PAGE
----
Nintendo’s Pokemon series boasts a bestiary of over 800 colorful creatures, coming in all shapes and sizes. Even with such variety, there will always be fan favorites like Pikachu, Charmander, and Jigglypuff. Bulbasaur is another beloved pocket monster, and this LEGO version built by hachiroku24 is spot-on in terms of appearance and spirit. I’m particularly impressed by the expressiveness of Bulbasaur’s brick-built eyes. The model looks especially nice when placed alongside the little Pokeball, which was originally designed by Chris Maddison.
If you find yourself longing for your own LEGO Bulbasaur, you’re in luck! The builder has been kind enough to share a video illustrating how the model is pieced together.
Part horse, part fish, part dragon, part saxophone — the seahorse is one of the weirdest-looking creatures you’ll find under the water. However this aquatic oddity’s peculiar appearance hasn’t put Brother Steven off creating a LEGO version, and the result is lovely. The orange works well, with restrained use of pearl gold and some exposed studs adding some welcome texture and scale-like details, and the spines along the back are excellent. The sandy base is nicely done — adding a coral reef context without distracting from the central model, but the overall shaping is the main attraction here. Don’t miss the use of minifigure legs to create the final curl of the seahorse’s tail — an inspired parts use.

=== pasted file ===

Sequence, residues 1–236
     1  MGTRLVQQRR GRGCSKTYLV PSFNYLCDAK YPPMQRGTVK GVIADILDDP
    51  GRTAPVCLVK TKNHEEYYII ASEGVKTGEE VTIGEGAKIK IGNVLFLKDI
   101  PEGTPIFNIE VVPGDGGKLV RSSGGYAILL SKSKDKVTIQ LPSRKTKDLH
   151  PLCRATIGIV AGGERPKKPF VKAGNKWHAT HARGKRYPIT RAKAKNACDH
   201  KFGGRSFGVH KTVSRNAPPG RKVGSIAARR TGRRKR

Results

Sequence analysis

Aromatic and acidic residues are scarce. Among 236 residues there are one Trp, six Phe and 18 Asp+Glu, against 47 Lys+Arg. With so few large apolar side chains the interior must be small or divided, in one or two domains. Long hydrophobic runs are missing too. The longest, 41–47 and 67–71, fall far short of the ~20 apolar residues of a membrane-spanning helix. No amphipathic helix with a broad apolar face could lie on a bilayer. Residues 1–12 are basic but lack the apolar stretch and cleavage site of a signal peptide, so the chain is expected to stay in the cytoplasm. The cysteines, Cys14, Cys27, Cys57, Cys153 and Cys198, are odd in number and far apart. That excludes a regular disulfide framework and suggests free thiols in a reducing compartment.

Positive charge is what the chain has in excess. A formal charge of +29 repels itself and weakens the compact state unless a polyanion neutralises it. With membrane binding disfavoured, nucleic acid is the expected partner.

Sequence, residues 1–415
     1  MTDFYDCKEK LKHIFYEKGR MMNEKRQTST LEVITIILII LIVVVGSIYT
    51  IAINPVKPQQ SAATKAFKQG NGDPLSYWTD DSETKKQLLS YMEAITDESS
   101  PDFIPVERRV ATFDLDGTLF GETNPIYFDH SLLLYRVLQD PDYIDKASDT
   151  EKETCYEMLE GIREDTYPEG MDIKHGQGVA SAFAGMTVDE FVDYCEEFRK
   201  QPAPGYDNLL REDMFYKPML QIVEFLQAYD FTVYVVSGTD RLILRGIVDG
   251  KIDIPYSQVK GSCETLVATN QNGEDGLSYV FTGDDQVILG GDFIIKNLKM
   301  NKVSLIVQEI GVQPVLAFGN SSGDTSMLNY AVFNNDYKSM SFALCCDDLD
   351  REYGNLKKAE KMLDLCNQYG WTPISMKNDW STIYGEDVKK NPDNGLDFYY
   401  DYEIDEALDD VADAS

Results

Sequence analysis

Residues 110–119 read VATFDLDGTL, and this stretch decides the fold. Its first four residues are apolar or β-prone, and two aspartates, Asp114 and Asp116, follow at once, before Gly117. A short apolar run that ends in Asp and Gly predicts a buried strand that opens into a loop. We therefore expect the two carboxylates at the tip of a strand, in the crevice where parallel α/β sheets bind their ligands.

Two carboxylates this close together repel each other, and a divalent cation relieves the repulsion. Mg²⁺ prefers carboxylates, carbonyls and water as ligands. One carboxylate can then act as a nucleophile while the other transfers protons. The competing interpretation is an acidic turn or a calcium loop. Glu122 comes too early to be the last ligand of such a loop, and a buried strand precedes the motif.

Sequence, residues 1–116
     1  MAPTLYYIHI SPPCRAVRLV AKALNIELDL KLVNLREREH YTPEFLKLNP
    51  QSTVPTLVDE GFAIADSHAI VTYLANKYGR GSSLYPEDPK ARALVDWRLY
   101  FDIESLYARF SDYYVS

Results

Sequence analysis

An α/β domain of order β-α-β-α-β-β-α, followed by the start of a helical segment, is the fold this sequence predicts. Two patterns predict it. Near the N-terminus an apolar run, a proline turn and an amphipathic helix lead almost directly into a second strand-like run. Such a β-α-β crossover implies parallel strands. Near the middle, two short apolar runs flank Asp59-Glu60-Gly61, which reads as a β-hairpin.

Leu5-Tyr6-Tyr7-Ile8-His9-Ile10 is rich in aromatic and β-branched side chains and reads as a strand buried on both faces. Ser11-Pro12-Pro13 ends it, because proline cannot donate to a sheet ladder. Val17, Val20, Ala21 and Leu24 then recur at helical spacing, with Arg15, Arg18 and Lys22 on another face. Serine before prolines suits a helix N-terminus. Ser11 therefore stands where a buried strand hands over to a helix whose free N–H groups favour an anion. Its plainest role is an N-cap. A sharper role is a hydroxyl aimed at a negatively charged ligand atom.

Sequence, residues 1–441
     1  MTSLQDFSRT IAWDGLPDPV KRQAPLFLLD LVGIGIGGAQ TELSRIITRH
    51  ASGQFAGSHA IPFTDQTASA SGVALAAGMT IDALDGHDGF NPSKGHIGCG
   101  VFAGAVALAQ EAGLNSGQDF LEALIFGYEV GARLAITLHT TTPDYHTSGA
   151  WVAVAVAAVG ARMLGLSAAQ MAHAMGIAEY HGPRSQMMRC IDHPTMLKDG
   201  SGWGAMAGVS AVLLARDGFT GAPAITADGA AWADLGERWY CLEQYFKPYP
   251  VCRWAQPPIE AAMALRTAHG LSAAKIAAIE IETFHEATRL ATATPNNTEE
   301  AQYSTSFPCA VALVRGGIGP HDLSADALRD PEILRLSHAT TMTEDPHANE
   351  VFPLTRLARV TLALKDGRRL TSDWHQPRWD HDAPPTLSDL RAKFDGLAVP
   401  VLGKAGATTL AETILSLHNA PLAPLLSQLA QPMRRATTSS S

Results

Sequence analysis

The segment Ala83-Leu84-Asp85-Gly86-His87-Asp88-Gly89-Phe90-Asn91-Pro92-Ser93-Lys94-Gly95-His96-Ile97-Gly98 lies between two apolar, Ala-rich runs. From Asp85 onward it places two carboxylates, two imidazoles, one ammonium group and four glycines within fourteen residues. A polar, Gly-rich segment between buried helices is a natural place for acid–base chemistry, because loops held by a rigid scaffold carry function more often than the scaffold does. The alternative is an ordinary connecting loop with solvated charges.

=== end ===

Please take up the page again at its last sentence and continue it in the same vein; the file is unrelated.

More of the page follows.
This slick robotic four-legged police unit, dubbed KA-9 by LEGO builder Red Spacecat, has such a polished aesthetic to it that I could almost see it called the “iProtect” in our dystopian future. The ultra-grippy toes made of rubber Technic axle connectors is a genius design, and the subtle detail of eschewing larger tiles for a series of 1×1 tiles on the upper legs gives the perfect impression of heavy armor plates.
A small group of Bionicle builders have been reworking sets and themes from the early years of the Bionicle theme. They have just recently released pictures of another collaboration in my favourite Bionicle subtheme – Rahi (basically “animals”) from 2001. This build is Muaka from the 8538-1 Muaka & Kane-Ra set, reimagined by Red.